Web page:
Defined in header <memory>
template< class T > class enable_shared_from_this;
(since C++11)

std::enable_shared_from_this allows an object t that is currently managed by a std::shared_ptr named pt to safely generate additional std::shared_ptr instances pt1, pt2, ... that all share ownership of t with pt.

Publicly inheriting from std::enable_shared_from_this<T> provides the type T with a member function shared_from_this. If an object t of type T is managed by a std::shared_ptr<T> named pt, then calling T::shared_from_this will return a new std::shared_ptr<T> that shares ownership of t with pt.

Member functions

constructs an enable_shared_from_this object
(protected member function)
destroys an enable_shared_from_this object
(protected member function)
returns a reference to *this
(protected member function)
returns a std::shared_ptr which shares ownership of *this
(public member function)
returns a std::weak_ptr which shares ownership of *this
(public member function)

Member objects

Member name Definition
weak-this (exposition only) std::weak_ptr object tracking the control block of the first shared owner of *this.


A common implementation for enable_shared_from_this is to hold a weak reference (such as std::weak_ptr) to *this. For the purpose of exposition, the weak reference is called weak-this and considered as a mutable std::weak_ptr member.

The constructors of std::shared_ptr detect the presence of an unambiguous and accessible (i.e. public inheritance is mandatory) enable_shared_from_this base and assign the newly created std::shared_ptr to weak-this if not already owned by a live std::shared_ptr. Constructing a std::shared_ptr for an object that is already managed by another std::shared_ptr will not consult weak-this and thus will lead to undefined behavior.

It is permitted to call shared_from_this only on a previously shared object, i.e. on an object managed by std::shared_ptr<T>. Otherwise, std::bad_weak_ptr is thrown (by the shared_ptr constructor from a default-constructed weak-this).

enable_shared_from_this provides the safe alternative to an expression like std::shared_ptr<T>(this), which is likely to result in this being destructed more than once by multiple owners that are unaware of each other (see example below).


#include <iostream>
#include <memory>
class Good : public std::enable_shared_from_this<Good>
    std::shared_ptr<Good> getptr()
        return shared_from_this();
class Best : public std::enable_shared_from_this<Best>
    std::shared_ptr<Best> getptr()
        return shared_from_this();
    // No public constructor, only a factory function,
    // so there's no way to have getptr return nullptr.
    [[nodiscard]] static std::shared_ptr<Best> create()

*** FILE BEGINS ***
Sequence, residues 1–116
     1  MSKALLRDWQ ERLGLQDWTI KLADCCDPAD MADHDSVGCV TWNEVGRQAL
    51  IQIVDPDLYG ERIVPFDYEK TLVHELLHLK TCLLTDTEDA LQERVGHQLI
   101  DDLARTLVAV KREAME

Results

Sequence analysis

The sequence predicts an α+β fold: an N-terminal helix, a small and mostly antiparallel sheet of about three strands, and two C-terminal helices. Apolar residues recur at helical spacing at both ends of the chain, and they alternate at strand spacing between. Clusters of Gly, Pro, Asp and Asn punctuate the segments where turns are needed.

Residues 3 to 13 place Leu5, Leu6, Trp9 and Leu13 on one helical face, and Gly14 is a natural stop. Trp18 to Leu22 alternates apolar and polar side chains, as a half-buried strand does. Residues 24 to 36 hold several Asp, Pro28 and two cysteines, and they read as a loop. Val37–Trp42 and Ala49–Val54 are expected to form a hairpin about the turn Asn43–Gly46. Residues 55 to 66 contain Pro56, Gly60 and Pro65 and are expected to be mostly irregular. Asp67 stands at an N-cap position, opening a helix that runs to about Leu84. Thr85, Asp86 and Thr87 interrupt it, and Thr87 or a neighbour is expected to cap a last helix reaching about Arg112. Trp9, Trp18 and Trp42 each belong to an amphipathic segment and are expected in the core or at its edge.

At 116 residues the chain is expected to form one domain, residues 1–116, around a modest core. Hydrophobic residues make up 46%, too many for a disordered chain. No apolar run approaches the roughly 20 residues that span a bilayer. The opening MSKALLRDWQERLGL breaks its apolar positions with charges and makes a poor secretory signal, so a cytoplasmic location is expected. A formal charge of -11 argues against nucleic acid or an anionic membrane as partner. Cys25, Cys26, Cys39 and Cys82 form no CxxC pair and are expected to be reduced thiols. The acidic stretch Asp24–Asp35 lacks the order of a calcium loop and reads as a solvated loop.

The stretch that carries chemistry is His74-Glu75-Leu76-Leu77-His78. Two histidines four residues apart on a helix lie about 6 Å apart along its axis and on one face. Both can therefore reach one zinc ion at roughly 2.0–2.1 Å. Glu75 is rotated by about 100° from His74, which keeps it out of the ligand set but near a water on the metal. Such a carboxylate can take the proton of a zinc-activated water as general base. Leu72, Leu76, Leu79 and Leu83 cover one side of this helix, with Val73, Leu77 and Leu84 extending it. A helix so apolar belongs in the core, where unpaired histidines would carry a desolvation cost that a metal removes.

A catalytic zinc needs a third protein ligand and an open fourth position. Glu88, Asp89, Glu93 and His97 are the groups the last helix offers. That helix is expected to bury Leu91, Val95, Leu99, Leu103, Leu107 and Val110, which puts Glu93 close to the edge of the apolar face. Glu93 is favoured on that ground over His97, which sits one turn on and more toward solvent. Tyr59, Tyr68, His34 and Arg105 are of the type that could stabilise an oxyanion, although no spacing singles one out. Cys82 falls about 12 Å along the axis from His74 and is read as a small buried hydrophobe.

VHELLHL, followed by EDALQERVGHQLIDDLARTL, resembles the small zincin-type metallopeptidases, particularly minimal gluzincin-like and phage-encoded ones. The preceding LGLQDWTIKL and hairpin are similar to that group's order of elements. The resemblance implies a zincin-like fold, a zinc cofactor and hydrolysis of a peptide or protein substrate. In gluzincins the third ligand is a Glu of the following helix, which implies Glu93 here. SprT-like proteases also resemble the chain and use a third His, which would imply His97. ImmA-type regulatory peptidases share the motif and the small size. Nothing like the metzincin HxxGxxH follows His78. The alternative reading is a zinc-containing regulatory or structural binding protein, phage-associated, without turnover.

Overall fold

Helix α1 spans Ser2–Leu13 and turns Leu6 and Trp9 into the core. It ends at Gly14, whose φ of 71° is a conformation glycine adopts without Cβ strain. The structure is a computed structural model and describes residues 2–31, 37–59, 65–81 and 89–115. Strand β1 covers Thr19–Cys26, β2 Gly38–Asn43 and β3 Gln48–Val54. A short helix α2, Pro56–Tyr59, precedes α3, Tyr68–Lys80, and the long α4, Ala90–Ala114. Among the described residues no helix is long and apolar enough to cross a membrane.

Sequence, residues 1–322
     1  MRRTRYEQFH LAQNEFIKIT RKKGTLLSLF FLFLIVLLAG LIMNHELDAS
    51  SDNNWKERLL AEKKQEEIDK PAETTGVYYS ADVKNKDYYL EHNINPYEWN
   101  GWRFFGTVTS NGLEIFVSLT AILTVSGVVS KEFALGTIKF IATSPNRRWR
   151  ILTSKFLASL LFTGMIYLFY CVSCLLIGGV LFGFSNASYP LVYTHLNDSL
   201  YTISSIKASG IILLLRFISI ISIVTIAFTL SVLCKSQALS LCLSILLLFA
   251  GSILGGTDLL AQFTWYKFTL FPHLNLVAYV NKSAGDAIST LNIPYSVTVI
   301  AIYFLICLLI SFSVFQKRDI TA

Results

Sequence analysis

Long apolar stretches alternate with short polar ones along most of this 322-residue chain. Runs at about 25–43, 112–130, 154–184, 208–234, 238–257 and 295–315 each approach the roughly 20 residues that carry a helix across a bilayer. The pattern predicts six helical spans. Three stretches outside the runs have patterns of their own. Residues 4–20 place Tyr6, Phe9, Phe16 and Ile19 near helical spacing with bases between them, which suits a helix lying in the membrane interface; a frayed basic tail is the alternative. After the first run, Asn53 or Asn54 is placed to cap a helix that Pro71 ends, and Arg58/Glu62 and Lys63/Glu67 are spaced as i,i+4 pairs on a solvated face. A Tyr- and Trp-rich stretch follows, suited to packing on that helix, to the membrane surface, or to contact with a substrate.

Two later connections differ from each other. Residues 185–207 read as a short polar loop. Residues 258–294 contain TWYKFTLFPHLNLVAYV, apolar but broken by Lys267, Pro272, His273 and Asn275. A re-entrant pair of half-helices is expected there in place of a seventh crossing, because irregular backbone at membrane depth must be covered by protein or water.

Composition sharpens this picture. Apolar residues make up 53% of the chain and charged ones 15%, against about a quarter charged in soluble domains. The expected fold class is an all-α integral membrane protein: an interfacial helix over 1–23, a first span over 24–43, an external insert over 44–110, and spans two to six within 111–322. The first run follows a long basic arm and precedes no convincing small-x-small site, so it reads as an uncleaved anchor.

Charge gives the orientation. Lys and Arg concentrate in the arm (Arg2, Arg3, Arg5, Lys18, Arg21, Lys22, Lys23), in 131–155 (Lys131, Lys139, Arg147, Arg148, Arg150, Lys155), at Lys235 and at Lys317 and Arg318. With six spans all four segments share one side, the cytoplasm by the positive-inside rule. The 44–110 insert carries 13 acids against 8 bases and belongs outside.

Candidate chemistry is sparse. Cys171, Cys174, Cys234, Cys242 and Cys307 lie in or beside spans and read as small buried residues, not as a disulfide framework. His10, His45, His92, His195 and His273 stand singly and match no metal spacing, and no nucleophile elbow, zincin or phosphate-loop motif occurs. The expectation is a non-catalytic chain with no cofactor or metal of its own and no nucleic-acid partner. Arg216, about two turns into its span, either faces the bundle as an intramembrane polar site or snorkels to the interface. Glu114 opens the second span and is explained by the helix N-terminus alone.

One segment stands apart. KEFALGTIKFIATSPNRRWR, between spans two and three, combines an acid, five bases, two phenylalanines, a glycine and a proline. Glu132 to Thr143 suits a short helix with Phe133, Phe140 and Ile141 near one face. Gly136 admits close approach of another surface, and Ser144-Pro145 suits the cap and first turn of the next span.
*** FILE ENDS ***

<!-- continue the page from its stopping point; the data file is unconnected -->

// Not using std::make_shared<Best> because the c'tor is private.
        return std::shared_ptr<Best>(new Best());
    Best() = default;
struct Bad
    std::shared_ptr<Bad> getptr()
        return std::shared_ptr<Bad>(this);
    ~Bad() { std::cout << "Bad::~Bad() called\n"; }
void testGood()
    // Good: the two shared_ptr's share the same object
    std::shared_ptr<Good> good0 = std::make_shared<Good>();
    std::shared_ptr<Good> good1 = good0->getptr();
    std::cout << "good1.use_count() = " << good1.use_count() << '\n';
void misuseGood()
    // Bad: shared_from_this is called without having std::shared_ptr owning the caller
        Good not_so_good;
        std::shared_ptr<Good> gp1 = not_so_good.getptr();
    catch (std::bad_weak_ptr& e)
        // undefined behavior (until C++17) and std::bad_weak_ptr thrown (since C++17)
        std::cout << e.what() << '\n';
void testBest()
    // Best: Same but can't stack-allocate it:
    std::shared_ptr<Best> best0 = Best::create();
    std::shared_ptr<Best> best1 = best0->getptr();
    std::cout << "best1.use_count() = " << best1.use_count() << '\n';
    // Best stackBest; // <- Will not compile because Best::Best() is private.
void testBad()
    // Bad, each shared_ptr thinks it's the only owner of the object
    std::shared_ptr<Bad> bad0 = std::make_shared<Bad>();
    std::shared_ptr<Bad> bad1 = bad0->getptr();
    std::cout << "bad1.use_count() = " << bad1.use_count() << '\n';
} // UB: double-delete of Bad
int main()

Possible output:

good1.use_count() = 2
best1.use_count() = 2
bad1.use_count() = 1
Bad::~Bad() called
Bad::~Bad() called
*** glibc detected *** ./test: double free or corruption

Defect reports

The following behavior-changing defect reports were applied retroactively to previously published C++ standards.

DR Applied to Behavior as published Correct behavior
LWG 2529 C++11 specification for enable_shared_from_this was unclear and maybe unimplementable clarified and fixed

See also

smart pointer with shared object ownership semantics
(class template)
creates a shared pointer that manages a new object
(function template)

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